Myths about wind power
Despite the fact that governments and businesses in more than 80 countries are embracing wind power, and more and more wind power is providing bringing new, clean and affordable energy every day, some people have concerns about wind power.
We have listed some of the myths about wind power and the factual information that disputes it.
Wind power is highly subsidized
All energy is subsidized. No energy technology has been developed and competitive without state support. Traditional fossil fuels have been subsidized for up to 100 years. However, today, in an increasing number of markets wind power is directly competitive with new build conventional power sources, even though they remain heavily subsidized.
Wind turbines have a negative affect on people’s health
Despite some claims to the contrary, an increasing quantity of independent research indicates that wind turbines are not harmful to human health. The wind industry is committed to engagement with experts in science, medicine and occupational and environmental health to monitor on-going credible research in the area of wind turbines and human health.
Wind energy is one of the cleanest, most environmentally-friendly energy sources. It emits no greenhouse gases or air pollutants. It emits no particles of any kind, and certainly no particles which are carcinogenic and severely affect human health, as do fossil fuels.
In July 2012, Health Canada published the results of a national study on wind turbines, sound and human health; and concluded that wind energy is one of the safest sources of electricity. See a summary of the main conclusions reached in 17 reviews of the research literature on wind farms and health:
Wind power is too expensive
The cost of electricity from wind has fallen past few years as technology has advanced. Wind energy is competitive with new coal and new nuclear capacity, even before any environmental costs of fossil fuel and nuclear generation are considered. The average cost of generating electricity from onshore wind varies in different markets but is now competitive with new coal and cheaper than new nuclear. As gas prices increase and wind power costs fall – both of which are very likely – wind becomes even more competitive.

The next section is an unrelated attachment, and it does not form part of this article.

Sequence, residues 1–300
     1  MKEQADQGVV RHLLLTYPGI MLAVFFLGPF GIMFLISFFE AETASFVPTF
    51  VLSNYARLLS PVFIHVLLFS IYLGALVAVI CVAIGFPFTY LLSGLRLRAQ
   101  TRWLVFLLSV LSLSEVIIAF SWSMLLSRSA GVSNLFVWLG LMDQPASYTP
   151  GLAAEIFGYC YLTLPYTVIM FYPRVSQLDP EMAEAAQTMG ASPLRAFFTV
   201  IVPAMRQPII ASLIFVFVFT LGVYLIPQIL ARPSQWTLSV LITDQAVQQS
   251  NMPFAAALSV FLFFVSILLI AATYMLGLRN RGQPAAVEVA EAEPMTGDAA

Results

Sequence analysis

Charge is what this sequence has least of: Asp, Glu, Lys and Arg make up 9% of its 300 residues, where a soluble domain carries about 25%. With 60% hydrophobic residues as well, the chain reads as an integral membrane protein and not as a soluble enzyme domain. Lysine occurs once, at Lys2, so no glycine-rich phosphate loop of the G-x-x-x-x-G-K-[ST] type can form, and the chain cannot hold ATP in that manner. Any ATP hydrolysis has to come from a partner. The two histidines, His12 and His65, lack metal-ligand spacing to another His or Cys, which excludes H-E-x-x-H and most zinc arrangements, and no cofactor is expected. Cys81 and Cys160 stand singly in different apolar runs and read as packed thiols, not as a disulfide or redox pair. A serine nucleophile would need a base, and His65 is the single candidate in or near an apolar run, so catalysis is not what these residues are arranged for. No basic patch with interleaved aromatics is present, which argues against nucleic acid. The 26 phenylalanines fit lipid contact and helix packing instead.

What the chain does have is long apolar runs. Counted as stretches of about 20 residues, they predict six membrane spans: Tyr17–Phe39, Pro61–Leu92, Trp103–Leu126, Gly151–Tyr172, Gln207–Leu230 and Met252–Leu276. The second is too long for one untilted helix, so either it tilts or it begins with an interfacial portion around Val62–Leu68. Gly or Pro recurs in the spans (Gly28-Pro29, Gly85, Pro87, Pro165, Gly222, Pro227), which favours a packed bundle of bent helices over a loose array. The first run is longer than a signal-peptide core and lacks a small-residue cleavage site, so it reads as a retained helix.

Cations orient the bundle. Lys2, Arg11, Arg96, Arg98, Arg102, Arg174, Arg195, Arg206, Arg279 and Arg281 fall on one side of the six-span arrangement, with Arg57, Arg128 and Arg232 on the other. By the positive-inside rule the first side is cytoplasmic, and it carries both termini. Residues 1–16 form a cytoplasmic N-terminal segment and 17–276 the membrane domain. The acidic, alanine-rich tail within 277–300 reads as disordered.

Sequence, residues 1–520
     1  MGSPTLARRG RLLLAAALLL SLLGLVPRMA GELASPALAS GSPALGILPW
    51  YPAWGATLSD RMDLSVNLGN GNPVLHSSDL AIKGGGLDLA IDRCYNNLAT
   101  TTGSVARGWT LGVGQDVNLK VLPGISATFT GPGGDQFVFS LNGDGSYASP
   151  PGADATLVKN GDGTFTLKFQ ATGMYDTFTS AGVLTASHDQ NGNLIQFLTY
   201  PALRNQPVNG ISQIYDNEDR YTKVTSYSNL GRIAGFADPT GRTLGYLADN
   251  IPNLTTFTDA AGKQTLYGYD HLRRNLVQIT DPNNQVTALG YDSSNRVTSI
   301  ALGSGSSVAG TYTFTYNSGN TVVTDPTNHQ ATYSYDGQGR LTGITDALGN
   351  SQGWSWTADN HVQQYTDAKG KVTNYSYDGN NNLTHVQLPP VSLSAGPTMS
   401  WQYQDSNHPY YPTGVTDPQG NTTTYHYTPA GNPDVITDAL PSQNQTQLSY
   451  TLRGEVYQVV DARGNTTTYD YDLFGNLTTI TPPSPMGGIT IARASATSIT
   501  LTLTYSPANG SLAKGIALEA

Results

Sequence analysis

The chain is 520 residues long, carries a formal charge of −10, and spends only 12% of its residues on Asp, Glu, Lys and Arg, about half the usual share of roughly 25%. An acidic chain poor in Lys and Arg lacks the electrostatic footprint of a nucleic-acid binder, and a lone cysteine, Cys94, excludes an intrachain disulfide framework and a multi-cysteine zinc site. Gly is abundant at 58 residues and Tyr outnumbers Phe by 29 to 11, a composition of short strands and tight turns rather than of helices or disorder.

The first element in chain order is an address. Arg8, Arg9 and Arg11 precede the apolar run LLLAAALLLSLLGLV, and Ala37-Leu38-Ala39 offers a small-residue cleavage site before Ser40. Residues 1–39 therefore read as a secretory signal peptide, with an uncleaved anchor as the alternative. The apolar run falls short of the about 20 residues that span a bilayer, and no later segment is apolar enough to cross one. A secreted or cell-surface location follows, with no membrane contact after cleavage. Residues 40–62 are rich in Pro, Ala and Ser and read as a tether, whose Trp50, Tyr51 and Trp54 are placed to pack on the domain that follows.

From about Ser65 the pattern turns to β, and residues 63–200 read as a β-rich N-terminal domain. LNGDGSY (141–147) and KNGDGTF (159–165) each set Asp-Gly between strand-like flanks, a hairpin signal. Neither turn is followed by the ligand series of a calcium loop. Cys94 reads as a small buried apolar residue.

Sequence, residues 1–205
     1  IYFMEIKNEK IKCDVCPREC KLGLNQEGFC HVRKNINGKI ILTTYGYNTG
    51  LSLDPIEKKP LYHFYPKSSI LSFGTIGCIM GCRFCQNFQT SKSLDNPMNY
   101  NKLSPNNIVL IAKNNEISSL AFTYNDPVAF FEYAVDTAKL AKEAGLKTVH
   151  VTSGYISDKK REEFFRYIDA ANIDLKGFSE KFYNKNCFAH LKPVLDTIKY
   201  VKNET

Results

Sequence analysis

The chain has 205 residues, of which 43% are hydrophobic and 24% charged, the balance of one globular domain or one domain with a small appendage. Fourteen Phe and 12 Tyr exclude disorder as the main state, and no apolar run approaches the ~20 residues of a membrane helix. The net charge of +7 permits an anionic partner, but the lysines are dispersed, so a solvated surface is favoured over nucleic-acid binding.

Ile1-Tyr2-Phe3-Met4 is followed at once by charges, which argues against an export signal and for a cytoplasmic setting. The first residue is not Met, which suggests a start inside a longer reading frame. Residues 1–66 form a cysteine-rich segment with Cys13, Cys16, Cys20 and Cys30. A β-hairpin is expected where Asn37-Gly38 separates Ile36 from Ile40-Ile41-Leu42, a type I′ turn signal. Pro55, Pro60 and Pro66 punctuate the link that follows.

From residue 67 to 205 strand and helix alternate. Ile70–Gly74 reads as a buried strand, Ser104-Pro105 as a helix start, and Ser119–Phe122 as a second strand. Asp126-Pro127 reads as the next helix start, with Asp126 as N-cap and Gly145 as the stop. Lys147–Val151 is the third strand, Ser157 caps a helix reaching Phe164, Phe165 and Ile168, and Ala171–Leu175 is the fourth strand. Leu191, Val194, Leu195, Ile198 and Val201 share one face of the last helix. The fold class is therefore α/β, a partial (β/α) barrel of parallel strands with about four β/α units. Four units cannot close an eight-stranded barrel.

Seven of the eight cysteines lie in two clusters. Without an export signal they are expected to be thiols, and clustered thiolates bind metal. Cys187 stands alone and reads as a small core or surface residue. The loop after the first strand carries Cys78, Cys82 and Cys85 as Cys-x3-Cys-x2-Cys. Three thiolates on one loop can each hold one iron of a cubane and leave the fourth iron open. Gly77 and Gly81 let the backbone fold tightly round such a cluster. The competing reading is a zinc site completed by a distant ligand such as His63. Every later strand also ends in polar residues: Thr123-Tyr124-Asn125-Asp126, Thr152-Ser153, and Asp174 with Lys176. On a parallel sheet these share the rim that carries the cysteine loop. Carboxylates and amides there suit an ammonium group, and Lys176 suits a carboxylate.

Wind turbines are less efficient than other energy sources.
Wind turbines start operating at wind speeds of 4 to 5 metres per second and reach maximum power output at around 15 metres/second. At very high wind speeds, i.e. gale force winds, (25 metres/second) wind turbines shut down. A modern wind turbine produces electricity 70-85% of the time, but it generates different outputs depending on the wind speed.
Over the course of a year, it will typically generate 15-30% (or more) of the theoretical maximum output of the turbine. This is known as its capacity factor, and modern turbines are getting reasonably close to theoretical limit of power one can extract from a stream of moving air, hence they are very efficient. However, the capacity factor is less than conventional power generators, but there are no fuel costs – the wind is free. So it doesn’t make sense to compare the ‘efficiency’ of thermal power systems with those of wind or solar or other renewable energy technologies.
It takes more carbon to build a wind turbine than it saves in its lifetime
Wind turbines produce no greenhouse gas emissions during their operation. It takes a turbine just three to six months to produce the amount of energy that goes into its manufacturing, installation, operation, maintenance and decommissioning after its 20-25 year lifetime. During its lifetime a wind turbine delivers up to 80 times more energy than is used in its production, maintenance and scrapping. Wind energy has the lowest ‘lifecycle emissions’ of nearly all energy production technologies.
What about birds? Wind turbines kill animals, birds and marine life
Big environmental and nature conservation groups like Birdlife, WWF, Greenpeace, Friends of the Earth, and Birdlife support wind energy. Birdlife recently stated that climate change was the single largest threat to birds and wind and renewables were a clear solution to climate change.